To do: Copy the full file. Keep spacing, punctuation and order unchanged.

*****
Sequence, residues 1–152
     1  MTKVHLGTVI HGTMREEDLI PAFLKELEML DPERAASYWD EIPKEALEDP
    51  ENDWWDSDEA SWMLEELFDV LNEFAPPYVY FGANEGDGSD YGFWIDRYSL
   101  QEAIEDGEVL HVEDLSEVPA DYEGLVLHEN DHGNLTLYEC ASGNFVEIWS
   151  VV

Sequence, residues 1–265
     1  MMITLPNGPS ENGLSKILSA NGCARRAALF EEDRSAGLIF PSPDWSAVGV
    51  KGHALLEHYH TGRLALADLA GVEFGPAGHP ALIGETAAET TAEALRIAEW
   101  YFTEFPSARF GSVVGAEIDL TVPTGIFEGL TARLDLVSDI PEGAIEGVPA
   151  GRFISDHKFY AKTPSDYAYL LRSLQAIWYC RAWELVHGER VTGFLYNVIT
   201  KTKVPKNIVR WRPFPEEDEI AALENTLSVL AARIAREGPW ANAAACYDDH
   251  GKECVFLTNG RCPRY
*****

Sequence, residues 1–152
     1  MTKVHLGTVI HGTMREEDLI PAFLKELEML DPERAASYWD EIPKEALEDP
    51  ENDWWDSDEA SWMLEELFDV LNEFAPPYVY FGANEGDGSD YGFWIDRYSL
   101  QEAIEDGEVL HVEDLSEVPA DYEGLVLHEN DHGNLTLYEC ASGNFVEIWS
   151  VV

Sequence, residues 1–265
     1  MMITLPNGPS ENGLSKILSA NGCARRAALF EEDRSAGLIF PSPDWSAVGV
    51  KGHALLEHYH TGRLALADLA GVEFGPAGHP ALIGETAAET TAEALRIAEW
   101  YFTEFPSARF GSVVGAEIDL TVPTGIFEGL TARLDLVSDI PEGAIEGVPA
   151  GRFISDHKFY AKTPSDYAYL LRSLQAIWYC RAWELVHGER VTGFLYNVIT
   201  KTKVPKNIVR WRPFPEEDEI AALENTLSVL AARIAREGPW ANAAACYDDH
   251  GKECVFLTNG RCPRY